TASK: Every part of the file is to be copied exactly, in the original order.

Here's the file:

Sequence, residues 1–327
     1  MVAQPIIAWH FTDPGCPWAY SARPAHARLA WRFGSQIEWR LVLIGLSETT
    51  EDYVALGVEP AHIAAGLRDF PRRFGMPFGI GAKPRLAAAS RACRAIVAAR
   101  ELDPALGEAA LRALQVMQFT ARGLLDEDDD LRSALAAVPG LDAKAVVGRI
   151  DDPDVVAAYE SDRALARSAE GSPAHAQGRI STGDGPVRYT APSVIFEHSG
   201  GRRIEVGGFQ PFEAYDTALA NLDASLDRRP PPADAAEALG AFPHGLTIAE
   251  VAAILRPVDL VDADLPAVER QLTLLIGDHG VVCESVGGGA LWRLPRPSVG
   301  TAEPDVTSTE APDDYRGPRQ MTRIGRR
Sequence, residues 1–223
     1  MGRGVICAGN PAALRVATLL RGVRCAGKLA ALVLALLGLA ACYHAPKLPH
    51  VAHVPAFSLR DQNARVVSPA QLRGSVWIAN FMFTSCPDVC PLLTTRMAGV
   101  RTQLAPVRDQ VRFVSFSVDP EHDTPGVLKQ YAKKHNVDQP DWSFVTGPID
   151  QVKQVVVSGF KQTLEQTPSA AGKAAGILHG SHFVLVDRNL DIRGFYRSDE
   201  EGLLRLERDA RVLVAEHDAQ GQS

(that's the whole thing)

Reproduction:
Sequence, residues 1–327
     1  MVAQPIIAWH FTDPGCPWAY SARPAHARLA WRFGSQIEWR LVLIGLSETT
    51  EDYVALGVEP AHIAAGLRDF PRRFGMPFGI GAKPRLAAAS RACRAIVAAR
   101  ELDPALGEAA LRALQVMQFT ARGLLDEDDD LRSALAAVPG LDAKAVVGRI
   151  DDPDVVAAYE SDRALARSAE GSPAHAQGRI STGDGPVRYT APSVIFEHSG
   201  GRRIEVGGFQ PFEAYDTALA NLDASLDRRP PPADAAEALG AFPHGLTIAE
   251  VAAILRPVDL VDADLPAVER QLTLLIGDHG VVCESVGGGA LWRLPRPSVG
   301  TAEPDVTSTE APDDYRGPRQ MTRIGRR
Sequence, residues 1–223
     1  MGRGVICAGN PAALRVATLL RGVRCAGKLA ALVLALLGLA ACYHAPKLPH
    51  VAHVPAFSLR DQNARVVSPA QLRGSVWIAN FMFTSCPDVC PLLTTRMAGV
   101  RTQLAPVRDQ VRFVSFSVDP EHDTPGVLKQ YAKKHNVDQP DWSFVTGPID
   151  QVKQVVVSGF KQTLEQTPSA AGKAAGILHG SHFVLVDRNL DIRGFYRSDE
   201  EGLLRLERDA RVLVAEHDAQ GQS